Hi All. We have about 70 cracks in our shotcrete floor (I kid you not), from around 1' to 2' long. (We're owner-builder.) We did everything right: Watered the shotcrete 4+ times a day for 7 days. It also rained all day for 2 of the 7 days and the humidity was high 6 out of the 7 days. Like I said, we did everything right. Our shotcrete subs did not. As you can see from the pictures below (I only posted a few) some of the cracks are hairline and some are not. Approximately 20 of the cracks are about 1/16" wide (you can fit a coin in them) and are anywhere from 3/4" to 2 1/4" in deep. Some of the cracks appeared when the subs were still here on the day they did the shotcrete. I would say within 2 days or so all the cracks were visible. (Btw, our soil is granite and very stable and the shotcrete was 3500 psi.)
We told the owner of the shotcrete company (who was not on site the day of the shoot) about the cracks (how many there are and how deep/wide they are) and he said they were shrinkage cracks and no big deal. (We also sent him pictures, the same pictures as below, but he never commented on them.) We also contacted our pool engineer, Ron Lacher of Pool Engineering Inc. and, after looking at the pictures, he said there appeared to be 2 reasons for the cracks: Shrinkage due to using a more economical wet shotcrete mix that has a higher water content and spreading re-tempered waste (rebound) over the previously shot floor. He also went on to say that hopefully what's under the rebound isn't more rebound, but properly applied shotcrete. He suggested contacting some plasterers and then, based on what he said and what the plasterers said make a decision as to what to do and that it would not be unreasonable to ask the owner of the shotcrete company to remove the top layers of rebound and fix the cracks.
So first we contacted 2 plasterers, both with many, many years of experience in the business and this is what they said: The first plasterer (23+ years plastering) came out on Wednesday and said it was the worst shotcrete job he'd ever seen and that he'd never seen so many cracks before in shotcrete. In addition to the cracks, he said our entire pool floor is really uneven. The shallow end is higher by 2" on the right side vs. the left. In fact the entire right side of the pool floor is higher than the left. There's humping in the middle of the pool and the shotcrete subs had troweled in the rebound so the majority of the pool floor is smooth. The plasterer said he wouldn't be able to apply the plaster because the surface is too smooth. He was at a loss to offer any solutions other than to get the shotcrete subs back to somehow fix the problems. He went ahead and gave us an estimate for plastering, but said that it would be hard for him to give us a warranty on the plaster because the cracking is so excessive. The second plasterer came out the next day and said it was extremely shoddy work and was just amazed that anyone could do such a bad job and that he'd never seen so many cracks before. He said he could "brown coat" the entire pool shell (1/4" thick) to make the shell more water tight and give the plaster something to adhere to since the pool floor was too smooth. However, he was also concerned about the depth of the cracks so he would need to send out his shotcrete expert and see what could be done about those. That was Thursday.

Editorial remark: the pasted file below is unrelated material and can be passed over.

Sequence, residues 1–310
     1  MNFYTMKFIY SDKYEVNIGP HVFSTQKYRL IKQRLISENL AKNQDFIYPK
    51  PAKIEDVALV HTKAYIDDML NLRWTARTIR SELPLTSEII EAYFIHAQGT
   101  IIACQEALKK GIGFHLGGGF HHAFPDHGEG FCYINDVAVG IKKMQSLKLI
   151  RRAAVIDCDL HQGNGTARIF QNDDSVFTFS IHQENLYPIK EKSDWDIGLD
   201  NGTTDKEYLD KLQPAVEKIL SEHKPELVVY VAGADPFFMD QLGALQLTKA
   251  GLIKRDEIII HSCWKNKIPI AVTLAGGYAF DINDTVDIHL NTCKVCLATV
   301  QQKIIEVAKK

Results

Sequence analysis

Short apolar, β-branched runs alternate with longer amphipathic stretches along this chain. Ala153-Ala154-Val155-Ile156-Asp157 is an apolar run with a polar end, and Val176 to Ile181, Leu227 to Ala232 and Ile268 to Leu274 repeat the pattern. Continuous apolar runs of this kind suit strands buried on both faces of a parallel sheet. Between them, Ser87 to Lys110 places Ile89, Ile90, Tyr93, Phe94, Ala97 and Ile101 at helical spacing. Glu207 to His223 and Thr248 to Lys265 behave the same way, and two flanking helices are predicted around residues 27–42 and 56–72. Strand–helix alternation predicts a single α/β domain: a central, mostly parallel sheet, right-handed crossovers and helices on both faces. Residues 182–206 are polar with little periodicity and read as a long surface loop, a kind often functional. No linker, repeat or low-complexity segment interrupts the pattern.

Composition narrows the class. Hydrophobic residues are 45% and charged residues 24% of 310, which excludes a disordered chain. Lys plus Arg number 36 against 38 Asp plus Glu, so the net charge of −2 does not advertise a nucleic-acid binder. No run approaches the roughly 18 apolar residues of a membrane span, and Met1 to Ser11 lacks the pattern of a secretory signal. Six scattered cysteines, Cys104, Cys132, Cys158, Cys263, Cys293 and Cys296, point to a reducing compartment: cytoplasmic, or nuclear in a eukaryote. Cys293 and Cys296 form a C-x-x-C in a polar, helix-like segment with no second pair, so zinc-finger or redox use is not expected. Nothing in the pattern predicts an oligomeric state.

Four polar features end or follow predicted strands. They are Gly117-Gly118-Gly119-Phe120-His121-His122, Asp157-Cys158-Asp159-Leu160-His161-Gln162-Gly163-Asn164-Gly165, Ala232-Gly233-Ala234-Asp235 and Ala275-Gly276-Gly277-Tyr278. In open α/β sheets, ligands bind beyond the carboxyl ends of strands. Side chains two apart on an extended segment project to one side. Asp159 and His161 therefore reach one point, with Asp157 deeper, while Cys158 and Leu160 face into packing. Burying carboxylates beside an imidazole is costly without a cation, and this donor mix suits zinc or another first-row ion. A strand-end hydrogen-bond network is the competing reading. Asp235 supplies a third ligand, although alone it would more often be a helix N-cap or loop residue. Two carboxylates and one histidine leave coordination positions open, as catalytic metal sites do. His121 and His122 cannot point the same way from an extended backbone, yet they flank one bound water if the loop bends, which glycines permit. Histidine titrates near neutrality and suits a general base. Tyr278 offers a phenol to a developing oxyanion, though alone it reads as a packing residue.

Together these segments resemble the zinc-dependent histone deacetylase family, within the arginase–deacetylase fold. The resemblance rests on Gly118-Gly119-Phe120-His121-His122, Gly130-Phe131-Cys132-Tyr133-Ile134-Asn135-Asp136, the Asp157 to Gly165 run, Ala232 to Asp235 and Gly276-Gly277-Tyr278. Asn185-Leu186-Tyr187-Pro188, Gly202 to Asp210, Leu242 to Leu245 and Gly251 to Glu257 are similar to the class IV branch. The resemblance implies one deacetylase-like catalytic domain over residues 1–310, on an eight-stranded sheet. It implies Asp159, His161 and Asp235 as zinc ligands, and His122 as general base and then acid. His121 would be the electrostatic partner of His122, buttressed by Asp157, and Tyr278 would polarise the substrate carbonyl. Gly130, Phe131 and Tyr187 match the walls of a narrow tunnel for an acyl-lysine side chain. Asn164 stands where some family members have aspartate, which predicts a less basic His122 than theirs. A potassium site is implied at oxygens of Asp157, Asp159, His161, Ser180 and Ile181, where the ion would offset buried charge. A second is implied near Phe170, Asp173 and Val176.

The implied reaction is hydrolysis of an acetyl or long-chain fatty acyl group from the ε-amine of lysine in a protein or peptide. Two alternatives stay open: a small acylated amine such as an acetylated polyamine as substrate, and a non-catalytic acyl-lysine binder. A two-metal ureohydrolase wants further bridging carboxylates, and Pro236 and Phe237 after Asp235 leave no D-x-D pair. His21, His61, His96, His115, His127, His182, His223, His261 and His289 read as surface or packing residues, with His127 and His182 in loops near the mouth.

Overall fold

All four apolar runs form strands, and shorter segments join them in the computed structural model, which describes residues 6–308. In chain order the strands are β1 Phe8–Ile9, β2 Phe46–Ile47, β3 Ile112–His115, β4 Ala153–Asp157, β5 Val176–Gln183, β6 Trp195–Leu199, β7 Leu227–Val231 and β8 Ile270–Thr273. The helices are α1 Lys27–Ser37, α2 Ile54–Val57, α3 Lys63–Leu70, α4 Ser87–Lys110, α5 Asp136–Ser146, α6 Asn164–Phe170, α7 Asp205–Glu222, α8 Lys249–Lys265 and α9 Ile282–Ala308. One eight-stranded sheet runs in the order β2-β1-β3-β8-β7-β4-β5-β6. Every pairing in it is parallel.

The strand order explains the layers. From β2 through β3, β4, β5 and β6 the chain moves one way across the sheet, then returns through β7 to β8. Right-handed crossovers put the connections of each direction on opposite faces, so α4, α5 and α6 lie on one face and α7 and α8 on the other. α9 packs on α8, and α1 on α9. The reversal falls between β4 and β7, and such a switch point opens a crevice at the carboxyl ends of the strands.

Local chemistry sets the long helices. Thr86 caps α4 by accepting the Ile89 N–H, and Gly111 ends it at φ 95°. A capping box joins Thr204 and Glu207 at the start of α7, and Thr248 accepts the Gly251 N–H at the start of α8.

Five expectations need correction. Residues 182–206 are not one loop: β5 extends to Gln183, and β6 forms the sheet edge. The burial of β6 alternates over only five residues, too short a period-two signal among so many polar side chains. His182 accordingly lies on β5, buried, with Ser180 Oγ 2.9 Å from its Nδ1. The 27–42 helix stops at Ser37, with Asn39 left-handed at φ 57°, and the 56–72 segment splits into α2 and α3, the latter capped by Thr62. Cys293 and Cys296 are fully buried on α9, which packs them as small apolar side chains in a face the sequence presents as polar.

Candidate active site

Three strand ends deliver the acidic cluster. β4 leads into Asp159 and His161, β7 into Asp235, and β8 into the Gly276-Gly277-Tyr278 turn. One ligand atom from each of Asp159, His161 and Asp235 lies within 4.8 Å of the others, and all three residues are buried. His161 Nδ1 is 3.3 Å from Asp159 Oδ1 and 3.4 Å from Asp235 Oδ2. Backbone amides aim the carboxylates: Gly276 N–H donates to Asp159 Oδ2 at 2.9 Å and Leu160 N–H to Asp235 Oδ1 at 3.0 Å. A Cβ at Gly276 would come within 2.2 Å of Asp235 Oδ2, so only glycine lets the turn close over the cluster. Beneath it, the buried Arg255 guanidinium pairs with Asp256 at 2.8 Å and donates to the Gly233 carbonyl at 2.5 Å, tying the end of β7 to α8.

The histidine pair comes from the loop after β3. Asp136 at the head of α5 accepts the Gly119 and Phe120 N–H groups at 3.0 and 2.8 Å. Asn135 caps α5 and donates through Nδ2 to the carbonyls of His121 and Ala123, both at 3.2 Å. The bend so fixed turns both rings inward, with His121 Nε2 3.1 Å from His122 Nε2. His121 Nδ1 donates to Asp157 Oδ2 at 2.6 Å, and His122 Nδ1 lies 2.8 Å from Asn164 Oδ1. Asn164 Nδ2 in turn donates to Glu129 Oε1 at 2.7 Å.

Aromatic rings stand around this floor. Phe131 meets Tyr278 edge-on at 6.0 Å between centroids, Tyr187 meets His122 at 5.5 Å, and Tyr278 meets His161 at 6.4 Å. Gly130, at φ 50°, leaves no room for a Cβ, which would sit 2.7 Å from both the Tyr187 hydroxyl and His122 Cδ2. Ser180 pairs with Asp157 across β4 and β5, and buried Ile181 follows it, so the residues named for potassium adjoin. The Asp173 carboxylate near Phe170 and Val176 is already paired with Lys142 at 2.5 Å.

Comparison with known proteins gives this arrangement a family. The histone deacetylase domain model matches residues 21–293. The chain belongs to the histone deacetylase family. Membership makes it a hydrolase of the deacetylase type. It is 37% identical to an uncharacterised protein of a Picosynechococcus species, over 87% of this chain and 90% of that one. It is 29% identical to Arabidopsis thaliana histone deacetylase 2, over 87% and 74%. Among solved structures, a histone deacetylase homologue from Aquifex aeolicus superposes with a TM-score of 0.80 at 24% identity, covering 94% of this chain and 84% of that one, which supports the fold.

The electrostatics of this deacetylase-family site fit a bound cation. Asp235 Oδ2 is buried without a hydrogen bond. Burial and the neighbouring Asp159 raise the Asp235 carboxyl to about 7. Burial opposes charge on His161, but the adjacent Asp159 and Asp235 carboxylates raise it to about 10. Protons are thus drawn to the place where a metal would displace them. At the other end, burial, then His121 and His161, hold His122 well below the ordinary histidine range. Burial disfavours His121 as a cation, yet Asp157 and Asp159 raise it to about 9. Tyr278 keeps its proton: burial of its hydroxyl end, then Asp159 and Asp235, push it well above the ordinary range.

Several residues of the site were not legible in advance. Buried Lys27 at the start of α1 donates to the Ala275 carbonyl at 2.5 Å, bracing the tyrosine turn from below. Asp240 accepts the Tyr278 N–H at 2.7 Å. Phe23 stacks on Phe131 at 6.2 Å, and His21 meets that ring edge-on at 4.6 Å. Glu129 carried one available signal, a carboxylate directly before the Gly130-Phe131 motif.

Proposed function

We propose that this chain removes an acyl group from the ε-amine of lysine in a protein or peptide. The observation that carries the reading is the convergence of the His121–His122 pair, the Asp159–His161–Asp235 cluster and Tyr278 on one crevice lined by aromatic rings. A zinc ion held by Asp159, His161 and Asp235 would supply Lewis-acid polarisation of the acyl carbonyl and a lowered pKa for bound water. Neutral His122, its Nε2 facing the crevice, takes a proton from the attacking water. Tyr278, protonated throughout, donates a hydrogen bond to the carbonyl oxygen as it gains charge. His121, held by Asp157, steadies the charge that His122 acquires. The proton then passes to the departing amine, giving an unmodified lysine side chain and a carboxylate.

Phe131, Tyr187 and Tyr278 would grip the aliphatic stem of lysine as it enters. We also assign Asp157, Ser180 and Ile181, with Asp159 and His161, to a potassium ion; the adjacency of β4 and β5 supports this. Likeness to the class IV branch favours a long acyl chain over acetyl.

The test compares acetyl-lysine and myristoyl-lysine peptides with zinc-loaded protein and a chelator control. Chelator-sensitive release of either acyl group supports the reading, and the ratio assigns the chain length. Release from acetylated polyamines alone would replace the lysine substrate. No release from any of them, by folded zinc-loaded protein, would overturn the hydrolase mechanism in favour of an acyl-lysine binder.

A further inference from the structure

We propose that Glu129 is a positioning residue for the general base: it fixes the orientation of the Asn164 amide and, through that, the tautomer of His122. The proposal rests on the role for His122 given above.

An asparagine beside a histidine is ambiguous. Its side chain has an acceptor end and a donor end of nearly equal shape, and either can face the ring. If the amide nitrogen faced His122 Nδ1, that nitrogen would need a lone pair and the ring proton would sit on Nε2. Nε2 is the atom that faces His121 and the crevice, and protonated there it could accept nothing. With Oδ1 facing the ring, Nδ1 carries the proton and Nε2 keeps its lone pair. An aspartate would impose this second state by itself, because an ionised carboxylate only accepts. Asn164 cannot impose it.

Fast forward to today. The owner of the shotcrete company sent out a plasterer he recommends to his customers to look at our job. The first thing this plasterer said was that the job looked pretty bad. He said he wasn't sure what the subs did, but it looked as if they had created a "patch" over the majority of the pool floor. If you look at the pictures you'll see what he's talking about. The area of the floor that looks lighter (i.e. most of the pool floor) is the rebound (aka the "patch" he's talking about) and the small darker area that goes from the pool floor and up the side of the pool is the only area of the floor that was done correctly. This plasterer decided to "open up" the one crack in the floor that goes down 2 1/4" to see what it looked like underneath. Once it was opened up he filled it with water. He only filled it halfway with water and it took about 20 minutes before the water disappeared, which, to me, meant that the crack must go all the way through the shell. He then got out a hammer and tapped on either side of a lot of the cracks to test for hollowness and said the shell sounded solid. (I had already done this, as well as the other 2 plasterers, and it sounded solid.) His recommendation: No need to do anything. Just fill the cracks with plaster. He waffled on what to do about the pool bottom being 2 inches shorter on one side and the overall unevenness of the pool bottom. At first he said he couldn't use plaster to even it out because it would be too much plaster and it would crack and then he changed his mind and said he could do it.
It's hard for me to believe that a layer of plaster could solve all the problems with the shotcrete. It looks so bad, is it even salvageable? How do I find out if the sub-floor is any good? At this point, I'm more concerned with finding a proper and long-lasting solution, if it's possible, so if anyone has any advice for me in that respect that would be great. Also, who should do the repairing, the plasterer or another shotcrete guy? Thanks so much for your help. I really appreciate the support from the people on this forum.
(Btw, the shotcrete company came highly recommended and has been mentioned a number of times on TFP. Out of respect for the rules of this forum I have not mentioned the company name, but for anyone looking to do an OB in Southern California please PM me and I can let you know who it is. I don't want this to happen to anyone else.)
The lighter area on the pool floor is rebound? You can also get a general idea of some of the overall cracking from this picture: